One day, I asked one of the hotel boys to take me out there. It was an unforgettable walk through the gardens and gorges. The village chief, Monsieur Bahidy, lived in a house of bright red mud, and owned only a bed, a suitcase and his weapons. He described a life that was both lawless and perfect. A man could be rich here, with up to 2,000 cattle and eight wives. The rustlers were no match for his villagers’ spears. As if to show how strong they were, a boy appeared, with a huge snorting bull. In a brief squall of dust and limbs, the great beast was wrestled to the ground. I somehow felt that I’d been warned.

Another day, I clambered up into the massif itself. I had with me a Bara called Coco, who knew all the canyons and tombs. Despite the heat and Coco’s grisly stories, it was a curiously happy day. Up on the plateau, we ate by a pool full of evil spirits, and were joined by a sifaka lemur. Coco also found me chameleons, a troupe of troglodytic lemurs and a rainbow milkweed locust. This was toxic, he said — one lick and you’re dead.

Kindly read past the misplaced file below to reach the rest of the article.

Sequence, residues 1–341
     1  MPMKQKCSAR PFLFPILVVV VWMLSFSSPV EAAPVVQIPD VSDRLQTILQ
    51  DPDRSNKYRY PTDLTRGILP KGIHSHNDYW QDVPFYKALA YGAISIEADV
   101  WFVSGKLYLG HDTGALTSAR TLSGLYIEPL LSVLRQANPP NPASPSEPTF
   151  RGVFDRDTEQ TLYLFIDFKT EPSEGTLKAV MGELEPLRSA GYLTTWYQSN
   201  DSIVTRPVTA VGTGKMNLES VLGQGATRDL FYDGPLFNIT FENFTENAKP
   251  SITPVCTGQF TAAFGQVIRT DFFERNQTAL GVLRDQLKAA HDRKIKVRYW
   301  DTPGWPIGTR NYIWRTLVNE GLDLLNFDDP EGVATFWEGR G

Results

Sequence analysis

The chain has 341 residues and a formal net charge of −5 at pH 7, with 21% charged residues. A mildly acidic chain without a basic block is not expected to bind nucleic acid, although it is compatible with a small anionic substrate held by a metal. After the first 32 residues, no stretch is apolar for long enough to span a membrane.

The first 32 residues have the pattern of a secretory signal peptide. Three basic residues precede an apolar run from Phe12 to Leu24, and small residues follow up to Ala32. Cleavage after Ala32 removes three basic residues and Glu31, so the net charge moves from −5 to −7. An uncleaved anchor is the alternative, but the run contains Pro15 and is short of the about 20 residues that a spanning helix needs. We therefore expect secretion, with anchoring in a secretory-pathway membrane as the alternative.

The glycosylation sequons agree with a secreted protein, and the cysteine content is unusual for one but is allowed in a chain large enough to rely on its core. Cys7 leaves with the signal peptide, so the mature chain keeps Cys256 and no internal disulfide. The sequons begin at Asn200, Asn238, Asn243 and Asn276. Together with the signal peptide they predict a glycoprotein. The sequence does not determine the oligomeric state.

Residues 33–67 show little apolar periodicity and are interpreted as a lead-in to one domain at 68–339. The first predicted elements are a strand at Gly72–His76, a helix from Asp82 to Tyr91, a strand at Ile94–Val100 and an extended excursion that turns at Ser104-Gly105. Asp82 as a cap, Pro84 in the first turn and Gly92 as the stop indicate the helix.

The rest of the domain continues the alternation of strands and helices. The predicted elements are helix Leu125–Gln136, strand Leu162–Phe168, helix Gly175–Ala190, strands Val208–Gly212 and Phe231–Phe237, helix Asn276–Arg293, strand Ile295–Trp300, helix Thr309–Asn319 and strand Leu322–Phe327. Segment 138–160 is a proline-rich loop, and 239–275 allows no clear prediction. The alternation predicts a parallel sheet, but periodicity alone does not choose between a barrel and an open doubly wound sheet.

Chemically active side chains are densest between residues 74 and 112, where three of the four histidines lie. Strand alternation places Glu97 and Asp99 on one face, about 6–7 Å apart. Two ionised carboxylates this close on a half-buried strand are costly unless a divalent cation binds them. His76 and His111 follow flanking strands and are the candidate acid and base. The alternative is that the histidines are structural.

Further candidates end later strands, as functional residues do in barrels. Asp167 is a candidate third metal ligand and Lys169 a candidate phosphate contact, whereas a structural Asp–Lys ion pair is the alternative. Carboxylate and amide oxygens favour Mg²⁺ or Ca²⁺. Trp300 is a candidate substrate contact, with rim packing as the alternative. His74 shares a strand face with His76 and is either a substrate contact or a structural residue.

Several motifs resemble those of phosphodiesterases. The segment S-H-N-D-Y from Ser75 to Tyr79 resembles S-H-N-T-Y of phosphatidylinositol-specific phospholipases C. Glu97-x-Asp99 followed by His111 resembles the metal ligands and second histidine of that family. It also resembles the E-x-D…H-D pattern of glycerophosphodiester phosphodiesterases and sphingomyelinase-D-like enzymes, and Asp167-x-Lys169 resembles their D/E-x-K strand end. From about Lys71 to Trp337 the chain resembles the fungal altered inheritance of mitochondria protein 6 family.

Before leaving Isalo, there was one thing more I wanted to do: visit the tombs. My last morning, the hotel’s climbing instructor kitted me out in carabiners and gloves, and up we went. It was easy work, clipped to a cable, and we were soon amongst the spires. But the little graves were still way above us, inserted in the rock. Coco once told me that his people never re-visit their ancestors but that they’ll never leave them either.

It’s a pleasing thought; the idea that the Bara will always be here, protecting these magnificently difficult mountains forever.

John Gimlette travelled as a guest of Rainbow Tours (0203 733 6778; and Air Madagascar ( He is the author of Elephant Complex: Travels in Sri Lanka.